Right, interesting. So many things could be said about your views here in general, but especially in making comparison FZM should keep these in mind I think.
                    I did some extensive edits to my previous comment. Pls have a look again!

                    Comment


                    • #25
                      I think FZM has done a good job presenting Aquinas's views and, like Calhoun, I have no desire to interfere with his conversation with nojoum.

                      But I want to highlight the type of hypothetical situation that I think is implicit in a lot of nojoum's examples, which is that where following our natures or not perverting our natural ends leads to bad consequences. (e.g. having sex without contraceptives leads to more people and our planet is already massively overpopulated in terms of the number of people our resource base can support.)

                      I think the Catholic reply is: fiat justitia, et pereat mundus. All ethical theories have situations like this that they have to face up to and, as a staunch non-consequentialist, I agree that at some point we have to draw the line. I'm just not sure that not wearing a rubber is where to draw it. (Catholic natural lawyers, of course, have various arguments that they would raise at this point, like the perverted faculty argument, and their views about the survival of the soul after death aren't irrelevant either.)

                      Ay, for doubtless I am old, and think gray thoughts, for I am gray:
                      After all the stormy changes shall we find a changeless May?

                      After madness, after massacre, Jacobinism and Jacquerie,
                      Some diviner force to guide us thro' the days I shall not see?

                      When the schemes and all the systems, Kingdoms and Republics fall,
                      Something kindlier, higher, holier—all for each and each for all?

                      All the full-brain, half-brain races, led by Justice, Love, and Truth;
                      All the millions one at length, with all the visions of my youth?

                      All diseases quench'd by Science, no man halt, or deaf or blind;
                      Stronger ever born of weaker, lustier body, larger mind?

                      Earth at last a warless world, a single race, a single tongue,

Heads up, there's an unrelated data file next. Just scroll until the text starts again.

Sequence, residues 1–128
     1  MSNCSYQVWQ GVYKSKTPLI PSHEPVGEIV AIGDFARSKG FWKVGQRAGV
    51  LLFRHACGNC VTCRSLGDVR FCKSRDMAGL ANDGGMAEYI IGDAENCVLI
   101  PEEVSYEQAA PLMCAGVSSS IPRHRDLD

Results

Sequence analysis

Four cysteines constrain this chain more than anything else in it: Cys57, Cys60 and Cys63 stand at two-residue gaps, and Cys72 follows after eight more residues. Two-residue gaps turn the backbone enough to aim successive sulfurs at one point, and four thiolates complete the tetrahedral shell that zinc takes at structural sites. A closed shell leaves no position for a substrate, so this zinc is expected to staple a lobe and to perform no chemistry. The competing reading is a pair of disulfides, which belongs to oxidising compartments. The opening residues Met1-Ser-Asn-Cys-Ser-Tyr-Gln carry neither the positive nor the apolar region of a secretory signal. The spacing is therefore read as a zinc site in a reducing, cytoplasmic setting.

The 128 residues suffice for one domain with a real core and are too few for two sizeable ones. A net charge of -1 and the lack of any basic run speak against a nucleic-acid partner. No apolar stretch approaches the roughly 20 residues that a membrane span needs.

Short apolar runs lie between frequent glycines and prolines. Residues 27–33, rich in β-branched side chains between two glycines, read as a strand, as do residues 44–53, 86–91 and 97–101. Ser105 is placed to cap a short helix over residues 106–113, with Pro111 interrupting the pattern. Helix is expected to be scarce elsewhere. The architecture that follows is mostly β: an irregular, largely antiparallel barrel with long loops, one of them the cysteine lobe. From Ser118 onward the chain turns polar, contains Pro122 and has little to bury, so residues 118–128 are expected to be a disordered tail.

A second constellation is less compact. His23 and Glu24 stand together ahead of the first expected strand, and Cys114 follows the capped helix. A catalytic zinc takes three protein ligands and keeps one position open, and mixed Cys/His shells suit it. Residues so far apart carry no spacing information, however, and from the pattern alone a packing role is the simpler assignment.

I have seen her far away—for is not Earth as yet so young?—

                      Every tiger madness muzzled, every serpent passion kill'd,
                      Every grim ravine a garden, every blazing desert till'd,

                      Robed in universal harvest up to either pole she smiles,
                      Universal ocean softly washing all her warless Isles.

                      Warless? when her tens are thousands, and her thousands millions, then—
                      All her harvest all too narrow—who can fancy warless men?

                      Warless? war will die out late then. Will it ever? late or soon?
                      Can it, till this outworn earth be dead as yon dead world the moon?


                      Lord Alfred Tennyson. (Locksley Hall Sixty Years After.)

                      Comment


                      • #26
                        Originally posted by nojoum View Post

                        I did some extensive edits to my previous comment. Pls have a look again!
                        Yes, I just checked, All interesting points. Again much could be said but I think it would be better if FZM would make his post keeping your points in perspective. What I would like to emphasize it that something like Euthyphro like objection is faced by every ethical theory.

                        And I think it would be better that mods move this post to Philosophy section.

                        Comment


                        • #27
                          This thread is now in the Philosophy section.

                          Comment


                          • #28